“So someone at SBG told me that this isn’t a basic?”
This is a strange concept. Especially when SBG is an organization known for good solid coaching. So why would the phrase basic be an issue? The issue with this phrase is the implication. For example in this video you see the instructor going over a kimura from a guard position.
“The title for the video is basic submissions p3 of 5”
A misleading title as this technique can be seen applied on day one, or all the way to top level jiu jitsu competition such as the worlds and even in top level MMA like the UFC.
This term basic then becomes extremely misleading. Not only is this move going to be applied in some of the most “advanced” competition but its a staple that everyone who trains should eventually learn. Hearing basic can give students the impression that they are going to simply learn the technique and move on, which in reality couldn’t be further from the truth. This is true in all the Functional martial arts.
Take boxing as another example. The jab something everyone who boxes will learn and typically on day one. Should this be basic? Again you will see it applied at all levels of boxing so why call it basic?
Basic also has another implication-
Hearing the word basic implies that there is something more “advanced”.
Advanced. A funny word in combat sports. Some things are more advanced for instance cutting an angle as you jab or doing a arm bar from an inverted position. Does that mean that the jab itself is different? Are the details behind how the inverted arm bar work any different then a up right arm bar?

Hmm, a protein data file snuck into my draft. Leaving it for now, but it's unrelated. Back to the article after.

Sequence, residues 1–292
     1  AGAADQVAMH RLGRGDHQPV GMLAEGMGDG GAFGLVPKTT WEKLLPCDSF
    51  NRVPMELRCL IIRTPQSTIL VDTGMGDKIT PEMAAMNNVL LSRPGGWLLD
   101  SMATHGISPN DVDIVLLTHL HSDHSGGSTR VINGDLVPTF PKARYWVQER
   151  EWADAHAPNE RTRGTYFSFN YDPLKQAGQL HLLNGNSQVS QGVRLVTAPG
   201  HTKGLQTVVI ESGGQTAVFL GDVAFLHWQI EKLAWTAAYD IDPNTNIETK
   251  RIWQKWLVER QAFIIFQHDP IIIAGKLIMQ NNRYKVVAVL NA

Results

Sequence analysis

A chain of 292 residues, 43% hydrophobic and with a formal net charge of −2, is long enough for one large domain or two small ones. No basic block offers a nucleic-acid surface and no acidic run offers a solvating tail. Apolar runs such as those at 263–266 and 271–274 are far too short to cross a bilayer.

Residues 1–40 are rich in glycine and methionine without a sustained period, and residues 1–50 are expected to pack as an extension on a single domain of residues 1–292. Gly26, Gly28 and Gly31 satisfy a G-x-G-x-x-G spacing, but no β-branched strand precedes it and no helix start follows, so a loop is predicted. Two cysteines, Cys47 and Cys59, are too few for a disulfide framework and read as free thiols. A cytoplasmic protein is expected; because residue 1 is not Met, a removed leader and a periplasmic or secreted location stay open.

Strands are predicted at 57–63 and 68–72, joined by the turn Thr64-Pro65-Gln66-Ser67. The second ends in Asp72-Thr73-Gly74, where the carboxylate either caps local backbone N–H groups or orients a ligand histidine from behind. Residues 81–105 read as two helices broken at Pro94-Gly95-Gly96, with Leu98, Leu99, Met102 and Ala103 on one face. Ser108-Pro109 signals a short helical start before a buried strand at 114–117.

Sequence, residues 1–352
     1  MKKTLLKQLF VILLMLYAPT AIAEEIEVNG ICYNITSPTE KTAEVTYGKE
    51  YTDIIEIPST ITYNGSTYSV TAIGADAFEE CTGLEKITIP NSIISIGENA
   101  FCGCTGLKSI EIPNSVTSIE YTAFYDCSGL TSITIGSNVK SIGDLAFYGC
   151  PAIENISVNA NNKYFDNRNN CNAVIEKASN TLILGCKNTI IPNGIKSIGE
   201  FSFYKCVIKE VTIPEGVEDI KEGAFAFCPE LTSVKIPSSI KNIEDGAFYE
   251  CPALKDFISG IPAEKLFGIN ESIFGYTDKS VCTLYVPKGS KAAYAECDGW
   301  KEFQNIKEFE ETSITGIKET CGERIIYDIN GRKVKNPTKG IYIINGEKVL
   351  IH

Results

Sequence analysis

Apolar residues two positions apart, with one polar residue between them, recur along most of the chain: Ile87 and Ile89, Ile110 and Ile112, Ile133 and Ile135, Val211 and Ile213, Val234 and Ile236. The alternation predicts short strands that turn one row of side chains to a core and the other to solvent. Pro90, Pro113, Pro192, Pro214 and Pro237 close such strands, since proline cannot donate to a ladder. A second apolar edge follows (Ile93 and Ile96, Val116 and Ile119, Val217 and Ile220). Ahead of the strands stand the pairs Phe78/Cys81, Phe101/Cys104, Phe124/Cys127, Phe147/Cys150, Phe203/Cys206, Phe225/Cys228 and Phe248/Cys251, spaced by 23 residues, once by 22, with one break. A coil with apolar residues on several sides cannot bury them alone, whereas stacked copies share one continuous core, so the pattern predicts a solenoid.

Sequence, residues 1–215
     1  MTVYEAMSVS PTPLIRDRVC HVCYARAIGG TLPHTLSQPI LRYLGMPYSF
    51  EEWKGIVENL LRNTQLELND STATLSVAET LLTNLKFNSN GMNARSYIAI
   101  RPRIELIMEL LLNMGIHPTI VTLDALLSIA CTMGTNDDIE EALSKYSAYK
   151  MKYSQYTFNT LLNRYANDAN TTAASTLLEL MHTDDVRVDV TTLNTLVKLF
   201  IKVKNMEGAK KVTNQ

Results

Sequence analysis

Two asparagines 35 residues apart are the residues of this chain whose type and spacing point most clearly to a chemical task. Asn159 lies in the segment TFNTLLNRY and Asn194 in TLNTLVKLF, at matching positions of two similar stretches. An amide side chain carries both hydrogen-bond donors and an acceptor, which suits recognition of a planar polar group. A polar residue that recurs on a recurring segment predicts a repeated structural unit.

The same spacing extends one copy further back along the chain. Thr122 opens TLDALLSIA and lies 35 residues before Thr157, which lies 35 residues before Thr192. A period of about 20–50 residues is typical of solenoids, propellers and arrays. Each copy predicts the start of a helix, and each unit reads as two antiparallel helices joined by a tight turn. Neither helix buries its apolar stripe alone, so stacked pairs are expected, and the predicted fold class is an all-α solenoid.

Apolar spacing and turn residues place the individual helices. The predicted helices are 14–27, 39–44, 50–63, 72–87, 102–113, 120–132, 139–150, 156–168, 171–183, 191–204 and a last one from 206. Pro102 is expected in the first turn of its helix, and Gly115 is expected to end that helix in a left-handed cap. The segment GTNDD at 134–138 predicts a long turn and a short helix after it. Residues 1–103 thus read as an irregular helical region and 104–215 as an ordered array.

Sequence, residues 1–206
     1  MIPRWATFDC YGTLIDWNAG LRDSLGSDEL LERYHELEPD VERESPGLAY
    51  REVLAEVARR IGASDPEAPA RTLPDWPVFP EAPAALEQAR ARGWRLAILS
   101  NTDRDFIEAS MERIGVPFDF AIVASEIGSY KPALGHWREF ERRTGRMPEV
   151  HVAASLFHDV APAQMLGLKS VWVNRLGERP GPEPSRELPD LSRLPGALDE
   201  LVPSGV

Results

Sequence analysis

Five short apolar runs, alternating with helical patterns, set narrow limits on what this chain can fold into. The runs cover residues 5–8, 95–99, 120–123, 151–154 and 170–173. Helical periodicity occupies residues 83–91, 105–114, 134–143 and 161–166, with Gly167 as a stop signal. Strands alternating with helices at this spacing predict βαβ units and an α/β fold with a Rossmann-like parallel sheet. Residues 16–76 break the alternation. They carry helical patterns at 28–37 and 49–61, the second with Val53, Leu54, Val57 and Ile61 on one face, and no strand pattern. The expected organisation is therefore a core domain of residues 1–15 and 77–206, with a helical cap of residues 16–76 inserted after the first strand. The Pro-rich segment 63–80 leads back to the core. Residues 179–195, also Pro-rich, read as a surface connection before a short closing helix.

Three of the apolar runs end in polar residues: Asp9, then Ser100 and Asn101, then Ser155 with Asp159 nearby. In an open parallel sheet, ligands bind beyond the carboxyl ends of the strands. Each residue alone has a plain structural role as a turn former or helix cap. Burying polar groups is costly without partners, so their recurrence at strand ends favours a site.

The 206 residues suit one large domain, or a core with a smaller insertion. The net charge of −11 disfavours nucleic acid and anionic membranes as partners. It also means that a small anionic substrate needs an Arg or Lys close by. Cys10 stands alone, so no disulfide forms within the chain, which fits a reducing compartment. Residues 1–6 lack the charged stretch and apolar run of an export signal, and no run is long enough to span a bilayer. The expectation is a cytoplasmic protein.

The simple answer is no. The weight transfer on the jab and the concept of covering with the opposite hand remain the same. Just like how on the arm bar the concepts of locking out the arm, pinching the knees, and hipping in remain the same.
As you can see it’s the same application of pressure that makes the arm bar work. I could take this further by posting pictures of a arm bar from mount an going even deeper into the similarities, but the point remains the same.
So now we have a dilemma, we have something students can learn and start applying on day one. While at the same time being something that for the most part they will be practicing for as long as they train.
SBGi Head Coach Explains the problem with the word “Advanced”.
Fundamentals. A word used all the time by coaches world wide and especially from SBGi coaches. A phrase to cover the techniques a student needs to learn from day one and continue learning until the day they stop training.
“That’s a word that get’s thrown around on a regular basis, how does SBGi define a fundamental?”
Stay tuned for a video interview with SBGi head coach Matt Thornton.
Find out how he defines a fundamental.
What he means by “functional martial arts”.
And why you should be wary of someone using the term “advanced”.